A good first degree (minimum 2nd-class Honours (UK) or equivalent), either in Italian or a demonstrably relevant subject. Applicants must have an excellent command of the Italian language. Relevant knowledge and experience may be acceptable even in the absence of formal qualifications. All applicants will be interviewed.
Months of entry
Italian Studies at Birmingham has an excellent record in attracting funding and a vibrant postgraduate community. It is home to: the Leopardi Centre; a Leverhulme-funded project on populists in power; an AHRC-funded project on Leopardi's Zibaldone; an AHRC networking grant, ‘Interdisciplinary Italy 1900-2010; an annual Birmingham–Warwick postgraduate symposium; and, since 2008, has held a student-led Italian seminar series.
The MA by Research programme requires you to prepare a dissertation of up to 40,000 words on a topic of your choice, for which an academic staff member will provide expert supervision.
The PhD – the most advanced research degree – leads to a dissertation of up to 80,000 words on a subject of your choice and under the expert supervision of an academic member of staff. You can study for a PhD on campus or by Distance Learning. (Read Patrizia’s experience: English | Italian)
We welcome applications in the major areas of Italian Studies, and members of staff are always willing to discuss ideas and proposals with those who are thinking of applying.
Explore postgraduate study at Birmingham at one of our on-campus open days (Friday 13 November 2015 and Friday 4 March 2016). Register to attend at: www.birmingham.ac.uk/pgopendays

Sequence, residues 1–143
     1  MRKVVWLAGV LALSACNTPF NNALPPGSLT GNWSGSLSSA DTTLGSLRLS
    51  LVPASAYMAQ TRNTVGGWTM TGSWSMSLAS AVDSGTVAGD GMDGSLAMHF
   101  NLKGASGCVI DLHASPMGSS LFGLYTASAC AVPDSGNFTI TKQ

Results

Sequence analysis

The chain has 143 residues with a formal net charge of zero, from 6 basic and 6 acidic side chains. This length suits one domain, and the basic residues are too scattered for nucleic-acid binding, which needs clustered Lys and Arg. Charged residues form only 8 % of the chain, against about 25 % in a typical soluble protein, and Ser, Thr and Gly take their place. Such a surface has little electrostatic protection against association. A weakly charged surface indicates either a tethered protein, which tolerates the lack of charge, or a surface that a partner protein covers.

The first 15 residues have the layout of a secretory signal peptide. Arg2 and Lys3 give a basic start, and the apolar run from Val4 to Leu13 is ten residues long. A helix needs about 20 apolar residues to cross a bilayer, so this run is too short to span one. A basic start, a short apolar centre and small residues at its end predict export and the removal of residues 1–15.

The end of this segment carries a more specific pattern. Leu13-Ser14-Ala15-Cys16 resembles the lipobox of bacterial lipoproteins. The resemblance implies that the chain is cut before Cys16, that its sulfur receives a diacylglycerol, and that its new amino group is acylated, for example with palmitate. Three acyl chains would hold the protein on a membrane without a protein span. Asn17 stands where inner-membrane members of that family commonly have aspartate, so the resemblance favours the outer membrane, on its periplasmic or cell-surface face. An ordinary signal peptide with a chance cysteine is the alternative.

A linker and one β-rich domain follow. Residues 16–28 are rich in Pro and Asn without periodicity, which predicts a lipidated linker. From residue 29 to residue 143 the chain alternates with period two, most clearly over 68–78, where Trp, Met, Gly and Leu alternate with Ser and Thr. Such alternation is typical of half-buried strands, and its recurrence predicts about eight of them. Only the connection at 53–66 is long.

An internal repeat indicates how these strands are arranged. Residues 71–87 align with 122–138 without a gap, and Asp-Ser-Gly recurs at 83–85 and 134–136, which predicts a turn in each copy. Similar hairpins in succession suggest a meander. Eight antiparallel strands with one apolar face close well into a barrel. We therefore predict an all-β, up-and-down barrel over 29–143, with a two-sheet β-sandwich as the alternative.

If you can’t make it to one of our on-campus open days, our virtual open days run regularly throughout the year. For more information, please visit: www.pg.bham.ac.uk
Italian politics, Italian media, political communication, populism and neo-nationalism in Europe. Italian cinema; 20th- and 21st-century Italian poetry and narrative; cultural theory, especially theories of conflict, opposition, power and privacy; religion in Italian and European cinema; interdisciplinary practice in Italy since 1900. The Age of Romanticism in Italy; the reception of Dante in the 19th century; 20th-century fiction; critical theory in Italy; the relation between oral and written literature; the work of Umberto Eco. Autobiography; the work of Giacomo Leopardi; Leopardi in the European context. Medieval literature and Italian diachronic linguistics. Renaissance literature; the relation between literature and the visual arts; chivalric romance, particularly Ariosto; the concept of grazia; the debate about women in the Renaissance; contemporary women's writing. Literary studies; Cultural studies; Gender and Sexuality studies 19th century, 20th century and contemporary
Fees and funding
Qualification and course duration
MA by research
Course contact details
- Postgraduate enquiry service
- 0121 414 5005